The challenge of upgrading the US grid
Latest articles by EdView Ed Crooks's full profile
At the annual meeting of Berkshire Hathaway last Saturday, Warren Buffett was called on to defend his position on addressing climate change. Investors, including Federated Hermes and Calpers, had filed a proposal calling for Berkshire to publish an annual assessment of its climate risks and how it was managing them. The investment group’s board opposed the resolution, and Buffett said that compelling all of its businesses to fill out climate disclosures would be “asinine”. When it came to taking practical steps to tackle the threat of climate change, he said: “We have a record that overall is incredibly good”.
In particular, Buffett highlighted Berkshire’s investment in high-voltage transmission in North America. Berkshire Hathaway Energy’s fixed income investor presentation shows that it plans to invest $13 billion over 2021-30 in major transmission projects in the western US and Canada. As Buffett pointed out, investment in transmission is critical to hopes of shutting down coal-fired power plants, typically located close to demand centres, and replacing them with renewable generation that is often further away. “There’s no sense having the wind blow in Wyoming, and people can’t turn on the lights in Las Vegas”, he said.
Shareholders were not wholly convinced, and about 25% of Berkshire’s votes were cast in favour of the proposal on climate risk reporting. Considering Buffett personally controls about 39% of the rights, that counts as significant opposition. BlackRock was one of the shareholders voting in favour of the proposal.
Buffett was right, however, about the importance of transmission. The areas of greatest solar and wind resource in the US, and the greatest availability of land, are generally far from the areas of the highest population density. If the US is to even come close to achieving President Joe Biden’s goal of 100% zero-emissions electricity by 2035, new transmission capacity will be essential.
Investment in transmission in the US has risen strongly over the past two decades, a federal government study of congestion on the grid showed last year. But as more renewable generation comes online in the areas with the highest wind and solar resources, the evidence of the need for more transmission capacity has been mounting, too. The sum of the real-time shadow prices of transmission – an indicator of the impact of congestion on the grid – has totaled $141 billion so far this year in three major power markets: ERCOT, MISO and SPP, Wood Mackenzie data show. That is almost equal to the $151 billion recorded for the whole of 2016, with almost two thirds of 2021 yet to come.
Building new transmission capacity is difficult in part because of the US political and legal system, which gives states and local governments and the public powers to delay or block projects. “To build long-distance transmission, you have to get approvals in several different jurisdictions. So the legal process can just be a nightmare”, says Rebecca Miller, Wood Mackenzie’s research manager for the ERCOT and CAISO power markets. The journalist Russell Gold based an entire book, and a good one, on the struggle to build just one interstate transmission line.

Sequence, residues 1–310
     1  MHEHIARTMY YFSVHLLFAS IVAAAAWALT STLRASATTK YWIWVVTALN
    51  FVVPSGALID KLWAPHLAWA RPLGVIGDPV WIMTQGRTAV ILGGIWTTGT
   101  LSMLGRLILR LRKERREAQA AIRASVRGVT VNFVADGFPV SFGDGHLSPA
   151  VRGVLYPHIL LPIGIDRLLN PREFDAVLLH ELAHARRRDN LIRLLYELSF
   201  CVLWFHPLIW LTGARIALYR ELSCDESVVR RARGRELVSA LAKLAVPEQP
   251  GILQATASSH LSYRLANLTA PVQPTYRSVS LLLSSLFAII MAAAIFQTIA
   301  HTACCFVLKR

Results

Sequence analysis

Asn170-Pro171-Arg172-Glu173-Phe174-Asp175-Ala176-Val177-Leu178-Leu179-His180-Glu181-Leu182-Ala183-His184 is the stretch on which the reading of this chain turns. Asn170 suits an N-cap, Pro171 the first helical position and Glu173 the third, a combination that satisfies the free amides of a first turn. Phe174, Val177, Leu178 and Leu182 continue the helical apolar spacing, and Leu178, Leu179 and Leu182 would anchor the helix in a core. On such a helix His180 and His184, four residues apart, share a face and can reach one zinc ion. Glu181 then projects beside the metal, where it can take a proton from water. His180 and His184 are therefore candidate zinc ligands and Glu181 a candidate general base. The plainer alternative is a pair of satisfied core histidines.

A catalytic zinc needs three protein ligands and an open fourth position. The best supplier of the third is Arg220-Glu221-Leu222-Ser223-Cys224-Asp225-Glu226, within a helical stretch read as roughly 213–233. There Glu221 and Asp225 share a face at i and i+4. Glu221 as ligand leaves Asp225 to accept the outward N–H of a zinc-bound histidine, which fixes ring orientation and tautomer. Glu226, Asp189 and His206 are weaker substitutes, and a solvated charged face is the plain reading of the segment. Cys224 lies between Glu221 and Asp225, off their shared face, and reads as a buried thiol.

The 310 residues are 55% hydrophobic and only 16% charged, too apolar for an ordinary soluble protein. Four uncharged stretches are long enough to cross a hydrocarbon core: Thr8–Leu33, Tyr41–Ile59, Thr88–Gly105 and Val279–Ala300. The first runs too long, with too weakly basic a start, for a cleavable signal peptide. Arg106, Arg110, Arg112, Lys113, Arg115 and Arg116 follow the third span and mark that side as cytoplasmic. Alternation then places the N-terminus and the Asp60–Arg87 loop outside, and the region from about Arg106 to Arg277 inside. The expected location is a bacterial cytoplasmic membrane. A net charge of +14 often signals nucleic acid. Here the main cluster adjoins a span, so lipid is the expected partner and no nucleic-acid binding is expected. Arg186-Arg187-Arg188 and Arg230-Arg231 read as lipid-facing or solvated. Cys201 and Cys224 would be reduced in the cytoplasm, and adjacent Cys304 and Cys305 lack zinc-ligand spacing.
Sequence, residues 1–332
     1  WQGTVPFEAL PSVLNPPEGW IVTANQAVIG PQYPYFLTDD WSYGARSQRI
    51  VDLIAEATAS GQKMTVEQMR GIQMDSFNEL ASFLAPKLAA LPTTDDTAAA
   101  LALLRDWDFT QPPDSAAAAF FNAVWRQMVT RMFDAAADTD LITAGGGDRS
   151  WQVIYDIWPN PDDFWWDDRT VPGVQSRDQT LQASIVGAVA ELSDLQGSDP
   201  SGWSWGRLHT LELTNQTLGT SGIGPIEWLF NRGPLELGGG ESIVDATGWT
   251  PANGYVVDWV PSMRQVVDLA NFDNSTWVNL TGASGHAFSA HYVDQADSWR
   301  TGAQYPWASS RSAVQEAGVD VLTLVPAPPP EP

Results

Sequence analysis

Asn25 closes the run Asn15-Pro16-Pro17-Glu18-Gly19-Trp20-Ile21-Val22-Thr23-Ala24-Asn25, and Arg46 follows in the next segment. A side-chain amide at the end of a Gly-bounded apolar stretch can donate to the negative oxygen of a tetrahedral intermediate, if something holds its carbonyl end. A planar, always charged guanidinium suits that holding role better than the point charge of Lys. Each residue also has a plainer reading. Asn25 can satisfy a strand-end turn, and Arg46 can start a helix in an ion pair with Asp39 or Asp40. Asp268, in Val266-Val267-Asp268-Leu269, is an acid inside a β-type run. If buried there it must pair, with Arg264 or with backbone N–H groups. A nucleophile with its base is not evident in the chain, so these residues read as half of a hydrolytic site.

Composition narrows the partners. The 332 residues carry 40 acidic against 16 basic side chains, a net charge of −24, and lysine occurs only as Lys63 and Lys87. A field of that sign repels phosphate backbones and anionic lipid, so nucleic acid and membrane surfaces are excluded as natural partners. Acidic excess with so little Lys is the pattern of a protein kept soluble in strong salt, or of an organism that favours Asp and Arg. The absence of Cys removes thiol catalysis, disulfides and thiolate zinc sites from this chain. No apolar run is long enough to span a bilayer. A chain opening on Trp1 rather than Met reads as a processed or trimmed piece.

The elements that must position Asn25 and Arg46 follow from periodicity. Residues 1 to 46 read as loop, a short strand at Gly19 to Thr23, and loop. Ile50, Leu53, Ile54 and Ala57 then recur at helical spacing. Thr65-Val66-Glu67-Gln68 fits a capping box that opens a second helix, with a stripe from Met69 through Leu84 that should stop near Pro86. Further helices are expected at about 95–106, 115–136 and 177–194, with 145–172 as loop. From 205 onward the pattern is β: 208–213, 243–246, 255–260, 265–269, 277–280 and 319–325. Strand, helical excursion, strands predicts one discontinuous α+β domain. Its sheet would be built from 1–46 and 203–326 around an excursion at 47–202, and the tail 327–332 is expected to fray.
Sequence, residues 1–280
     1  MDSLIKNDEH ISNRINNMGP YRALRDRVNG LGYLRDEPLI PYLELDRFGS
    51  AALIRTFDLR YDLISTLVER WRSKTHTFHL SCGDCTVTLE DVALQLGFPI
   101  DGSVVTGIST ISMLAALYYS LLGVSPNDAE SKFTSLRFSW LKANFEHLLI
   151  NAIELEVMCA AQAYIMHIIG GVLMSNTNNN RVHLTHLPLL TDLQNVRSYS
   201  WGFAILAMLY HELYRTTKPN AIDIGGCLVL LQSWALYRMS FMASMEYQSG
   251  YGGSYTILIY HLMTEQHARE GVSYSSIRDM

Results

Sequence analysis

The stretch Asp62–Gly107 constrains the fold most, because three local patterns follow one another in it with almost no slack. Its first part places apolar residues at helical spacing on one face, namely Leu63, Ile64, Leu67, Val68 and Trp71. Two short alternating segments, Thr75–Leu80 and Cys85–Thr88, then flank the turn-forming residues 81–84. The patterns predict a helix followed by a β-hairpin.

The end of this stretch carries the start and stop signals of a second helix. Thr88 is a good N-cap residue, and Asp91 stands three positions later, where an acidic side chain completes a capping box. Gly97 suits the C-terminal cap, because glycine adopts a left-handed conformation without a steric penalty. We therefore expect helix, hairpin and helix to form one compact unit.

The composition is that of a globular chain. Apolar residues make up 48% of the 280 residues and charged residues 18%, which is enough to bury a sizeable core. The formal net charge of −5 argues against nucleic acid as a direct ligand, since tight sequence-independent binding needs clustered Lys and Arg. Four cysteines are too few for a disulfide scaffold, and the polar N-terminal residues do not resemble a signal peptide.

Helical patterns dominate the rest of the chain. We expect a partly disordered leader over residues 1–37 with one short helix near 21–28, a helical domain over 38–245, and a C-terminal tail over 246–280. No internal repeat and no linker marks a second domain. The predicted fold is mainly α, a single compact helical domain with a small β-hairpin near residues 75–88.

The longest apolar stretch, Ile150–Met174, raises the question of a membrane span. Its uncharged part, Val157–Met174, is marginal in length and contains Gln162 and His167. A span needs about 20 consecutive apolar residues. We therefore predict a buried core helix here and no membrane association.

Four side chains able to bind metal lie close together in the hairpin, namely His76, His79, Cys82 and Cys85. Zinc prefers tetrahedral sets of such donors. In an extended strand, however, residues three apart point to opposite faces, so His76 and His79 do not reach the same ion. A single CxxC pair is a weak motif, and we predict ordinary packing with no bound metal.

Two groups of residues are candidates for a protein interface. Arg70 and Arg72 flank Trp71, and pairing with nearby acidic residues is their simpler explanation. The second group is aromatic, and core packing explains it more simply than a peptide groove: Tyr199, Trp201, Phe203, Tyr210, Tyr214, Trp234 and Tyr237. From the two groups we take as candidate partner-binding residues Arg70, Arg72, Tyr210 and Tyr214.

Americans for a Clean Energy Grid, a group that advocates for increased investment in transmission, last month published a paper listing 22 “shovel ready” projects that could start construction in the near future “if more workable transmission policies are enacted”. Those policies include a new tax credit for investment in transmission, streamlined permitting, and the federal government acting as an “anchor tenant”, investing directly in new lines and then selling the capacity on to renewables developers and other generators.
President Biden has acknowledged the problem. The infrastructure and climate proposals badged as the American Jobs Plan included a new tax credit for grid investment, intended to mobilise “tens of billions in private capital off the sidelines – right away”. Last week the administration launched a package including $8.25 billion of loan guarantees and low-cost financing, intended to help build high-voltage transmission lines. The Department of Transportation is also working to encourage states to use public highways and other transport rights-of-way to route transmission lines, with the aim of speeding up the permitting process.
As well as building new lines, the US can make better use of its existing capacity. Operators of transmission infrastructure set fixed limits on usage to avoid damage to equipment. Increasingly, they are looking at dynamic line rating: allowing capacity to vary according to environmental conditions. A light breeze of just 2 miles per hour blowing across a transmission line can increase its effective available capacity by up to 44%, according to research cited by the US Department of Energy.
Richard Glick, chairman of the Federal Energy Regulatory Commission, has indicated his support for the technologies that make dynamic line rating possible. “I look forward to working with my colleagues… to encourage the deployment of grid-enhancing transmission technologies”, he wrote to senators last month.
The case for dynamic line rating can be compelling. “We are talking about adding capacity at less than 5% of the cost of new lines”, says Hudson Gilmer, chief executive of Linevision, a company that provides systems for monitoring transmission lines. However, he adds, improvements to the existing grid should be seen as complements to, rather than substitutes for, investment in new lines. “We need both”, he says.
Warren Buffett last weekend reflected on how building new transmission lines was “a big problem” because “you cross state lines and you’ll go through people’s backyards”. He suggested the federal government might make more progress than the private sector “just saying ‘this is the way it’s going to be done,’ and ramming it down the throats of where they go and getting it done”. That assessment overstates the government’s authority, but it does get to the heart of a crucial issue for President Biden’s aims for decarbonisation. If he wants to realise his ambitions for accelerating low-carbon electricity, he is going to have to push harder to remove the obstacles to investment in transmission, with all the means at his disposal.